Crude Observations


One of the both great and (occasionally) annoying things about living and working in Calgary is navigating the annual all-consuming celebration of fun and cowboy hats that is the Calgary Stampede. Whether it’s surviving double-deep-fried scorpions coated in Oreo batter, boiled corn rolled in ground-up spicy Cheetos, mainlining mini-donuts or running the gauntlet of corporate gatherings, Stampede is a unique event in our city.


How unique? Well it’s got its own verb and language – that’s pretty unique.


“Have you been stampeding yet?”  “Sure have, we were at the chucks the other day and then were given ‘er at Ranchman’s for a bit. Maybe pede’ing the grounds on the weekend for the grandstand and of course plan on hitting the Stomp at the end of the week.” What?



Of course, in addition to being a well-known international tourist attraction, uniquely Calgarian cultural event and a kick-ass excuse for a 10 day party, the Calgary Stampede is also a (mud-spattered) window into how the local economy is doing. It’s both a lagging and leading indicator of the mood of the city and province’s business community, more specifically the energy sector.


In boom times, Stampede celebrations tend to be lavish, garish and quite often over the top – a true bacchanalian homage to the excesses that everyone associates with the energy sector.


In down years, the mood is decidedly somber, with many low key events. The focus is on restraint and charitable contributions and many of the invitations (even the emailed ones!) will be in black and white.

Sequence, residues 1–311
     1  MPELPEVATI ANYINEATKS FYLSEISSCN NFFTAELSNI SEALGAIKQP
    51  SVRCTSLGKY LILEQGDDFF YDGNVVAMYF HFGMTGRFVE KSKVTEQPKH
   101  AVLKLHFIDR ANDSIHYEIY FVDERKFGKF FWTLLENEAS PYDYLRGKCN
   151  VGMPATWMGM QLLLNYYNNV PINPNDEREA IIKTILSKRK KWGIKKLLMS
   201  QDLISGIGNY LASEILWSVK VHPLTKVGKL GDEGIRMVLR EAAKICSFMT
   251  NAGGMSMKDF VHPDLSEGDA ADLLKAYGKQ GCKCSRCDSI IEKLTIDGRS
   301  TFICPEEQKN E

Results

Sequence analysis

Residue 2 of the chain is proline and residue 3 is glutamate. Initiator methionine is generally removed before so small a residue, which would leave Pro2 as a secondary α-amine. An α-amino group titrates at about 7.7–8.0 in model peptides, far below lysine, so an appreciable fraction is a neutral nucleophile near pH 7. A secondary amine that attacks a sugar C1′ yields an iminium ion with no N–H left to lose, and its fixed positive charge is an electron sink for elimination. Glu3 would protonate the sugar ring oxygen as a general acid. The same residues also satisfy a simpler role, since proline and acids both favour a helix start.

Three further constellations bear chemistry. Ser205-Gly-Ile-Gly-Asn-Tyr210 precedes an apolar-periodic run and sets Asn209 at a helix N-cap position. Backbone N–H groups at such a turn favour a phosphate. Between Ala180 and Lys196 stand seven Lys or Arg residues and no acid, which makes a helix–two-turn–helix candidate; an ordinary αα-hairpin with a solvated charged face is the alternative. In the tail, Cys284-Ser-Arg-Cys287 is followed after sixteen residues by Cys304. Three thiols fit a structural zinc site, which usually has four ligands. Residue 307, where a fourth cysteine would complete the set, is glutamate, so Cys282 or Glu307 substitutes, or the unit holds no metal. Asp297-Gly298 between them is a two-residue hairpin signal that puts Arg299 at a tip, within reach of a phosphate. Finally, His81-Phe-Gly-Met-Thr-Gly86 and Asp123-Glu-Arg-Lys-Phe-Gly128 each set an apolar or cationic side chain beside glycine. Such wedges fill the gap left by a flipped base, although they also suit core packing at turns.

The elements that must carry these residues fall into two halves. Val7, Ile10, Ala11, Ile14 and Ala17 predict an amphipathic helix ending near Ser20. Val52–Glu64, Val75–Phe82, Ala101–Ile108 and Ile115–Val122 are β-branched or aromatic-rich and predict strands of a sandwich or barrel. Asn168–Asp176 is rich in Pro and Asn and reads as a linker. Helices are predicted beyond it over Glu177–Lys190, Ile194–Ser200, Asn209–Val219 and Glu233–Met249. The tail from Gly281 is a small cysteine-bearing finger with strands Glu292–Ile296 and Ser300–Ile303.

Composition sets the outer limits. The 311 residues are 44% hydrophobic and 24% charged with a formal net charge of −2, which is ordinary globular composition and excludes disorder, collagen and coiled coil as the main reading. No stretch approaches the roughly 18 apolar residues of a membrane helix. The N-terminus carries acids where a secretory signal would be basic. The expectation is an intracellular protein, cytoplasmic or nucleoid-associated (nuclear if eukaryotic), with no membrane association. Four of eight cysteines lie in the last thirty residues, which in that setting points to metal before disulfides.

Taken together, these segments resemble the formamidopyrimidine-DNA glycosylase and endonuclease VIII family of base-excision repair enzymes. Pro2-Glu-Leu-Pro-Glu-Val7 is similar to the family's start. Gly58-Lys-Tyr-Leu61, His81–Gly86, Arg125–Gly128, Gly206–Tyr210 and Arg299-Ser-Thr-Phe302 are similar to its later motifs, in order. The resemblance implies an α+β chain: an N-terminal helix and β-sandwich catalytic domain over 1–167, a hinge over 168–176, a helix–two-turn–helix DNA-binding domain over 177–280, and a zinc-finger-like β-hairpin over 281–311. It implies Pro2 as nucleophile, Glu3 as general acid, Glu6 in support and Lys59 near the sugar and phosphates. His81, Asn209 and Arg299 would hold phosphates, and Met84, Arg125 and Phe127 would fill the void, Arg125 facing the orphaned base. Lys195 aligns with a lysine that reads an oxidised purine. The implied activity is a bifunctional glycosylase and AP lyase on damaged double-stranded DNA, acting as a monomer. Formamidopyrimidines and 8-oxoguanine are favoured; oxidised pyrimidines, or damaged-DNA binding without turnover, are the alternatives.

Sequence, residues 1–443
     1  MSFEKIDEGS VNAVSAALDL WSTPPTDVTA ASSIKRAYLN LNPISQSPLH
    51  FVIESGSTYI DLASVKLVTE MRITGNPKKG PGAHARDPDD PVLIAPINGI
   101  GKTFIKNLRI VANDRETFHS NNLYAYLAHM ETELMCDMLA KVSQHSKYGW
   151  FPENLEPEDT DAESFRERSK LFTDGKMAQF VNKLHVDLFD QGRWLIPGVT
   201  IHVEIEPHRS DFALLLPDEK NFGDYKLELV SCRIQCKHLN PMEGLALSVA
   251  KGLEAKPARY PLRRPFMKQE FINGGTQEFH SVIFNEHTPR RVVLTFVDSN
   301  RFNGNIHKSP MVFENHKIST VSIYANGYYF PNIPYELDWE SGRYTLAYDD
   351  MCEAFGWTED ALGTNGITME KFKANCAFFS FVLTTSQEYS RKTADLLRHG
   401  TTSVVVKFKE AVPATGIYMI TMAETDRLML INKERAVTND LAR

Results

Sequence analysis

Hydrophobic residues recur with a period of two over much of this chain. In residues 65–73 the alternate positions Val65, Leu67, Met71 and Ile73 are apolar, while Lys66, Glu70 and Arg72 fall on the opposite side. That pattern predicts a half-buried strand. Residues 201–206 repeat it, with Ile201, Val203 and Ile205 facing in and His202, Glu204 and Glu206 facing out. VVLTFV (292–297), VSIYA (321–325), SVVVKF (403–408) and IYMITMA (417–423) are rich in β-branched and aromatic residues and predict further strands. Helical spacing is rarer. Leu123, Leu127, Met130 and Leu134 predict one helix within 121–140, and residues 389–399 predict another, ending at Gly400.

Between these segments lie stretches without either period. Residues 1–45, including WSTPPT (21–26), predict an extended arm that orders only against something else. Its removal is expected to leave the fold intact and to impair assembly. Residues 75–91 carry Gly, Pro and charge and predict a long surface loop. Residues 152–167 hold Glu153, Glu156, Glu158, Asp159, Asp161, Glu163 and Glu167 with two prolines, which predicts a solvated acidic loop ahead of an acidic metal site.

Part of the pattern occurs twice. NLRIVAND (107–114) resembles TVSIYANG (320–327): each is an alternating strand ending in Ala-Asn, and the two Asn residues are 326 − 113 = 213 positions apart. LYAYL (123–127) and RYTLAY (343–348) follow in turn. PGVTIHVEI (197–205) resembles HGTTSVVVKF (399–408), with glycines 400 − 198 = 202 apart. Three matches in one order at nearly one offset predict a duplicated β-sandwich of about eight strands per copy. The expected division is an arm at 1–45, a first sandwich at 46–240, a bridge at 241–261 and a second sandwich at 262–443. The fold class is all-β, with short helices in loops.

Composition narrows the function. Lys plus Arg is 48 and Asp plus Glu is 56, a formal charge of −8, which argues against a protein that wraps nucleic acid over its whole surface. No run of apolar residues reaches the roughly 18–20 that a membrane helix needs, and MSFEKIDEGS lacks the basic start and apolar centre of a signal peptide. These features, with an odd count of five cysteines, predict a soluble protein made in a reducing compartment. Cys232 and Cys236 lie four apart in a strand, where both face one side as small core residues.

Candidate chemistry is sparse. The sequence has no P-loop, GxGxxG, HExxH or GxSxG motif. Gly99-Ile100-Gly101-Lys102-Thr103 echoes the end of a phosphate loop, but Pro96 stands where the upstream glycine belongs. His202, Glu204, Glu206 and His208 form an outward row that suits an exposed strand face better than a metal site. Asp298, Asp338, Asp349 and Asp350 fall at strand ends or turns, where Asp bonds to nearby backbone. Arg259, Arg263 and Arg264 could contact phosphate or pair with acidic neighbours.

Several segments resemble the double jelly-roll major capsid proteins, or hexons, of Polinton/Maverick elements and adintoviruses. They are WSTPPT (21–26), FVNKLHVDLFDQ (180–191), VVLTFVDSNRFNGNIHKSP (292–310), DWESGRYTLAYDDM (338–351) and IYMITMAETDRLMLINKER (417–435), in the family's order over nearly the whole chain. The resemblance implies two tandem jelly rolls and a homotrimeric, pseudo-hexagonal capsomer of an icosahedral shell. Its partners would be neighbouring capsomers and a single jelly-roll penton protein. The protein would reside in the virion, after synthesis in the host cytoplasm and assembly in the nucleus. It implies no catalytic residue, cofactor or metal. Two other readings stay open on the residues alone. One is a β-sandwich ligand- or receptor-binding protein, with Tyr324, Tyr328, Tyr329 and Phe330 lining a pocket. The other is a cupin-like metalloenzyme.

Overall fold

In between, in what I will call the “transition years”, the party struggles to find its footing. And quite often it rains.


Added into the mix is a whole kabuki theatre sideshow of municipal, provincial and federal politicians and leaders of national and provincial parties all vying for the attention of the media and public at large by trying to prove their cowboy bonafides by flipping an endless parade of pancakes, exposing for all to see their astonishingly poor fashion choices and delivering tired political messages in a cowboy metaphor infused version of a western drawl.


Seriously though, it just wouldn’t be Stampede without some federal Liberal controversy or another stiff and awkwardly dressed conservative flipping pancakes and posing for pictures with some children and First Nations people (all in one if possible!) before dashing off to have important closed door conversations with who knows who about who knows what. Interestingly, most politicians fail to grasp that not much gets done during Stampede except parties and that the person they are talking to is most likely on their way to getting drunk or is still feeling it from the night before.